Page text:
The other day I started describing how to build a double desk on the cheap. In that article, I provided an overview of why I decided to build desks for our boys as well as a shopping list. Today I’m going to start talking about how I put things together…
I should start by saying that I designed the desks to run lengthwise along a wall, such that the boys will end up sitting side-by-side.
My first step was to prepare the 24 x 80 desktop for finishing. I thus put it on sawhorses in the garage and sanded the edges to smooth them out. I also ran the sander over both surfaces using a high-grit sandpaper to smooth out any irregularities. I then measured the length and depth to double-check it and cut the corner trim to fit, complete with mitred ends to make the pieces fit together nicely. I ended up with two shorter sections for the sides and one longer section for the front.
Once I had the trim cut, I laid it out on the desktop to get it positioned properly. I then ran a bead of carpenter’s glue down the back of it, clamped it down, and nailed it in place. Once the trim was secured, I sanded the mitre joints to even them out and then moved on to the hole for the grommet. I positioned this hole by finding the midpoint along the length of the desktop, then lined up the hole saw such that the hole would end up being a couple inches in from the back.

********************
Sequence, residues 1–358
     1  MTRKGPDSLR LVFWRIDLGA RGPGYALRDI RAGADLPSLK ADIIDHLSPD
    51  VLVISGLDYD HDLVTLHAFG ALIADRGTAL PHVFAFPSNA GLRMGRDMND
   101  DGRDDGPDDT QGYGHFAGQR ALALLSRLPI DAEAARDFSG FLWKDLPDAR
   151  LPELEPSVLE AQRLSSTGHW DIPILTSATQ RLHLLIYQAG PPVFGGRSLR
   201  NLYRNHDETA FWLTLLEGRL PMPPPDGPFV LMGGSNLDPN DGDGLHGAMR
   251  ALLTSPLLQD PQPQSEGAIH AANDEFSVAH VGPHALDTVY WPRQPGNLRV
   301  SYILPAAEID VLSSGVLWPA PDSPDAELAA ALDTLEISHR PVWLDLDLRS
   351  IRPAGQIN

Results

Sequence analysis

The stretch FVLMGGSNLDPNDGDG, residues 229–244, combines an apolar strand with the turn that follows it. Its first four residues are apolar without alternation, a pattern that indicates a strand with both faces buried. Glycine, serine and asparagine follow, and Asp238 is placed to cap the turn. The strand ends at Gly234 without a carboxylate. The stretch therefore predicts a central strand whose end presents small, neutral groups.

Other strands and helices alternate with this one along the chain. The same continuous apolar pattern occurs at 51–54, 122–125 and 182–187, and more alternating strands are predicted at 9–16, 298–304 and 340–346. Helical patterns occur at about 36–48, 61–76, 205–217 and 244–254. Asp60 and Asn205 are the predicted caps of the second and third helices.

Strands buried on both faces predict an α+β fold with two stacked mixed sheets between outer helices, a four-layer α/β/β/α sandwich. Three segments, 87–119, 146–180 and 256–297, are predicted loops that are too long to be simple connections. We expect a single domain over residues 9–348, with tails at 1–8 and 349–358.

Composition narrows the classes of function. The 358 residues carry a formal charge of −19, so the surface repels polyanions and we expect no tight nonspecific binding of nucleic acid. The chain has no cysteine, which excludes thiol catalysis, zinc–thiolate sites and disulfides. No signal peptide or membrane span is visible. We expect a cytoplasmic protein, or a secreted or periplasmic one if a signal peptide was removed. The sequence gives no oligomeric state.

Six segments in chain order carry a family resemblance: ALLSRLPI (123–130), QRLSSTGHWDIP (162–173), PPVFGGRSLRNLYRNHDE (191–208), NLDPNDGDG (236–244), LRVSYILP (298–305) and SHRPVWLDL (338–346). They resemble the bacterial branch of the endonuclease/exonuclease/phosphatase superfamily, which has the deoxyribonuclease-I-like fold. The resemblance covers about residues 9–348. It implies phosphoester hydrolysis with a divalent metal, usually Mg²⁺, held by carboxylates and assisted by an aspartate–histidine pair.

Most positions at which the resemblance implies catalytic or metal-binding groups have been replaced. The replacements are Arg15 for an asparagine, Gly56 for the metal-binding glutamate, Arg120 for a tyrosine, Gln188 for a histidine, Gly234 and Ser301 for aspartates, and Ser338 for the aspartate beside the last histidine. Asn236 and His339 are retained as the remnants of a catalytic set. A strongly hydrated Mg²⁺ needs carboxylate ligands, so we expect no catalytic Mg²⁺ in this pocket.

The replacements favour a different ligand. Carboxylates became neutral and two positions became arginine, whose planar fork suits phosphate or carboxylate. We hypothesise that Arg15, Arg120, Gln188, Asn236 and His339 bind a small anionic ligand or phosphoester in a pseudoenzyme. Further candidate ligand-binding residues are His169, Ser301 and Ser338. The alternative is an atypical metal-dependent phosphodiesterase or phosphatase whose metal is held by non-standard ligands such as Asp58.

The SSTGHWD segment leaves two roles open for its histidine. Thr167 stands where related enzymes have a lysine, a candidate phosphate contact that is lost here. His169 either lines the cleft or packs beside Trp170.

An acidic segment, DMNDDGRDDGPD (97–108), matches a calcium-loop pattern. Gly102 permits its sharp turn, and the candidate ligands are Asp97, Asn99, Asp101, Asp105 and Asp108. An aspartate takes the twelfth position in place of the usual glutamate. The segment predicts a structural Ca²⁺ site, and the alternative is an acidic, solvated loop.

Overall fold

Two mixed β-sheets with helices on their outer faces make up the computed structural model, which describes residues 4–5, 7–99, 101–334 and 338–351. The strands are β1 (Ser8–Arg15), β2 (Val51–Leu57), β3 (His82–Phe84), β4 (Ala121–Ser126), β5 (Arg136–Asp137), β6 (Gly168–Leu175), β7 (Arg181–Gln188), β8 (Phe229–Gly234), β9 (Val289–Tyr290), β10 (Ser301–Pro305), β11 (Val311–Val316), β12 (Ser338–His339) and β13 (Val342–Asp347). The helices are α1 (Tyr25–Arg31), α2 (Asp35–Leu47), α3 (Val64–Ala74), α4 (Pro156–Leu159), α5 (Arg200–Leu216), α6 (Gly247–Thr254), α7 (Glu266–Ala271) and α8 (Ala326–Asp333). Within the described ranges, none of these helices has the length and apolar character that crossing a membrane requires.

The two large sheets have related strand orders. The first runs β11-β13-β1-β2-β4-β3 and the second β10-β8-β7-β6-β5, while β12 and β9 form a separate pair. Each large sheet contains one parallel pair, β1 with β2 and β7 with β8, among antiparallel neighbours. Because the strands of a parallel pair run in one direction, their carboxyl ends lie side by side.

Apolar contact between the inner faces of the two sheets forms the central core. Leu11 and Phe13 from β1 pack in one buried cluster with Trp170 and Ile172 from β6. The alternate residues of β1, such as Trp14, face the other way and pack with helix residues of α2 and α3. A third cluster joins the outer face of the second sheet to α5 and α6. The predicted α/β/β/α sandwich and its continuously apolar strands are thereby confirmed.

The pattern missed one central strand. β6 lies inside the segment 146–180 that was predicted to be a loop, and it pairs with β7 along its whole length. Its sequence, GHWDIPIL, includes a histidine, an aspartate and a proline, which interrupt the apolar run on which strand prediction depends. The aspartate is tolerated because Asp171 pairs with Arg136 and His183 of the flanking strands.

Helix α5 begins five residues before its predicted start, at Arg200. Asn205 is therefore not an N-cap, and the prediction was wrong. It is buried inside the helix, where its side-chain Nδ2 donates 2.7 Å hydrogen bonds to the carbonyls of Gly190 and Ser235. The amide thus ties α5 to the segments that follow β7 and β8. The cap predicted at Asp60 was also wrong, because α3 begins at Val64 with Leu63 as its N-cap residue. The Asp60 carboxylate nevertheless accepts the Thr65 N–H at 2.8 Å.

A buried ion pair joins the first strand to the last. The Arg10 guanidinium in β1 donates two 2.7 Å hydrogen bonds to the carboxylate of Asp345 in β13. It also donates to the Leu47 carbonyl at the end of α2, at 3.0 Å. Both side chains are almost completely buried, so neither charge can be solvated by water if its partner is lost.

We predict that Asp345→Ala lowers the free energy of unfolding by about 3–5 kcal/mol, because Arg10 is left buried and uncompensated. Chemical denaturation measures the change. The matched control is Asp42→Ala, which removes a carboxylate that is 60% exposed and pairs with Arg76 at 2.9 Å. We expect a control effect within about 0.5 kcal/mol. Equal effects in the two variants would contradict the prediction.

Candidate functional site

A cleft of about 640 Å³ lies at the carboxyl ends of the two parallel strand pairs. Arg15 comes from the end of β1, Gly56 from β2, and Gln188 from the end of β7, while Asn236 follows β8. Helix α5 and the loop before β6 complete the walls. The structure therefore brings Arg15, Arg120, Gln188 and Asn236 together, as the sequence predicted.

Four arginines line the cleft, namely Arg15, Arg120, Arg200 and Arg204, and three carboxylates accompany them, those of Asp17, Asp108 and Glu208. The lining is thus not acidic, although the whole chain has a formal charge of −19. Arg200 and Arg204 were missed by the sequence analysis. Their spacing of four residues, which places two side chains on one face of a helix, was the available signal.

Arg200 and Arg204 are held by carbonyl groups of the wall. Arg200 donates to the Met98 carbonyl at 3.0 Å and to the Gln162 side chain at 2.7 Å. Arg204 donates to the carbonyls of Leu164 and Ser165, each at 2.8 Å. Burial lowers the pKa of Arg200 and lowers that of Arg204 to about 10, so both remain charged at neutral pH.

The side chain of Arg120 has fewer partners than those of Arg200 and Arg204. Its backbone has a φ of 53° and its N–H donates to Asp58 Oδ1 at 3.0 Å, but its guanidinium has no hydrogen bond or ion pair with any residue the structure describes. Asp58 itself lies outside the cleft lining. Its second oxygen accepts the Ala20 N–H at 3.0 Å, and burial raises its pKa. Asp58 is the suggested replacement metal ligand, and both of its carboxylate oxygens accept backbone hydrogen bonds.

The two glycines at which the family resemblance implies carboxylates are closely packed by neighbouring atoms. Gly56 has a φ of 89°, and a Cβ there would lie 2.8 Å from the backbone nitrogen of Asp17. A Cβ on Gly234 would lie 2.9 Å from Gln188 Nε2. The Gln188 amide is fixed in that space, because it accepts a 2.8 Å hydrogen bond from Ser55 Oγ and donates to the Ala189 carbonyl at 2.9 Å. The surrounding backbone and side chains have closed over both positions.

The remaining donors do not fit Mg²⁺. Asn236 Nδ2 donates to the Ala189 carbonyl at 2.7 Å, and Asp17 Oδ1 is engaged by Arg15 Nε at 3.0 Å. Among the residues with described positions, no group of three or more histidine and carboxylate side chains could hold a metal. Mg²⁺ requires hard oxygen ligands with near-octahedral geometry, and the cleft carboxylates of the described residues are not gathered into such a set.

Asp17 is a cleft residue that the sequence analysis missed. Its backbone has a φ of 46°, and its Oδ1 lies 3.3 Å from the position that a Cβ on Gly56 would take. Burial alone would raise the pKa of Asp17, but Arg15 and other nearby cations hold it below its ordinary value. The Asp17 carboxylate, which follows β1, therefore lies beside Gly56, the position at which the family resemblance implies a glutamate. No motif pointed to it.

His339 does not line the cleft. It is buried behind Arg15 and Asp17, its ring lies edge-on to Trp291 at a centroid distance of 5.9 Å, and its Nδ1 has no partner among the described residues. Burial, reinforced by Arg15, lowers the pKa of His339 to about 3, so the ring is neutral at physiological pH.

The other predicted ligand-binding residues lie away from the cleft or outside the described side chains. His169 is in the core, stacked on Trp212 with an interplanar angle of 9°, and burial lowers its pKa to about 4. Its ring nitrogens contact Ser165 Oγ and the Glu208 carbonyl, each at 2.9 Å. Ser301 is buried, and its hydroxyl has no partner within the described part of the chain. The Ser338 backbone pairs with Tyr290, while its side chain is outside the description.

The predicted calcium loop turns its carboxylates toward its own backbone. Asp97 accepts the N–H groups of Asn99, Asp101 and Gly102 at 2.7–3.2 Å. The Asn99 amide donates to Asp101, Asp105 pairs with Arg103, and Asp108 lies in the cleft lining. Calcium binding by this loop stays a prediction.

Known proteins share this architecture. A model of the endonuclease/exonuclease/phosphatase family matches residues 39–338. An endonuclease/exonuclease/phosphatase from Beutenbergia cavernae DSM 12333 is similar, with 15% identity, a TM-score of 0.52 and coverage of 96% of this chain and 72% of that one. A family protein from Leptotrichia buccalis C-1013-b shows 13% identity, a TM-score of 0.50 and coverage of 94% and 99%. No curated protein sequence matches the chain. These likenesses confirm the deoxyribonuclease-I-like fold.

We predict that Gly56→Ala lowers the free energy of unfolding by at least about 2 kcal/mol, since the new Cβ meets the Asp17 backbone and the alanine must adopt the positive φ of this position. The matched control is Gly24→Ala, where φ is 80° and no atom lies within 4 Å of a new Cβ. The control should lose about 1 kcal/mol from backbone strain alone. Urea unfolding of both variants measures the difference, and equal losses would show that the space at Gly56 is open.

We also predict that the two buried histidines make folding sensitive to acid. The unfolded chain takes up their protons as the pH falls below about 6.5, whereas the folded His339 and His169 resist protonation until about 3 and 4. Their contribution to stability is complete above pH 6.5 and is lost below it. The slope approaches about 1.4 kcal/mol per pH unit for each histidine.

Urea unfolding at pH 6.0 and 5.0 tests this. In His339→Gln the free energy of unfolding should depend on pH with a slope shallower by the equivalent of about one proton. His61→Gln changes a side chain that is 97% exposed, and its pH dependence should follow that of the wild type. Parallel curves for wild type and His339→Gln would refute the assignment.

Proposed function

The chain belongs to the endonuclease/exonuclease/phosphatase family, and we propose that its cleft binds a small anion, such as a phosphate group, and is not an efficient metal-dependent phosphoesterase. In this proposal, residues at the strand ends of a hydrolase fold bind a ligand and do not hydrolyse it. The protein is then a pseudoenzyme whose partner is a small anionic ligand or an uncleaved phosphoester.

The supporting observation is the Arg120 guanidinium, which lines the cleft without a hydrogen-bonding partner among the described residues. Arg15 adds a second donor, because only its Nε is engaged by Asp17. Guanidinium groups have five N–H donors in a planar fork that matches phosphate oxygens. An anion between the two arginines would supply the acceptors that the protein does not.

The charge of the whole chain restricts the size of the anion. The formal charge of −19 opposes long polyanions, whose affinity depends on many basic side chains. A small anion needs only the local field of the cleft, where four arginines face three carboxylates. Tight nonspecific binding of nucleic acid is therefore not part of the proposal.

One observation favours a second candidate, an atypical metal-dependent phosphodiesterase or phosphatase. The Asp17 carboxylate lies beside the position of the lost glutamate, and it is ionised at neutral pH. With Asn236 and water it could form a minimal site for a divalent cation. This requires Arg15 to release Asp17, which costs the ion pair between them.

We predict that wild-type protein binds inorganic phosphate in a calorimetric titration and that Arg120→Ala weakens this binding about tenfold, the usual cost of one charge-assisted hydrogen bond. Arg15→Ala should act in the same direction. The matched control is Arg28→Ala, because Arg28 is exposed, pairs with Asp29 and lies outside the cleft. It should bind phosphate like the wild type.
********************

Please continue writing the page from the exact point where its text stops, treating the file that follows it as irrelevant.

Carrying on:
The last little bit of woodworking involved cutting the quarter round trim to fit. The untrimmed back edge of the desktop is ultimately destined to be butted up against the wall, so the quarter round will serve to ‘finish’ that edge against the wall. I started by measuring the length of the desktop from the inner edge of the trim on one end to the other. I then cut (and sanded) the quarter round trim to fit the length of the desk.
Next up, finishing the wood. Once I had the major woodworking done, I rubbed everything down with a tack cloth. I ended up doing three coats of polyurethane on the upper surface (and trim) and two coats on the underside. Between coats, I sanded the finish lightly with high-grit sandpaper and then rubbed it down with a tack cloth to remove the resulting dust.
Jumping ahead a bit, here’s a closeup picture of one of the mitred corners on the finished desktop (the different colors along the front and side are a lighting artifact):
At this point, the desktops were done and ready to be deployed. In the next installment, I’ll go through the installation process with numerous pictures.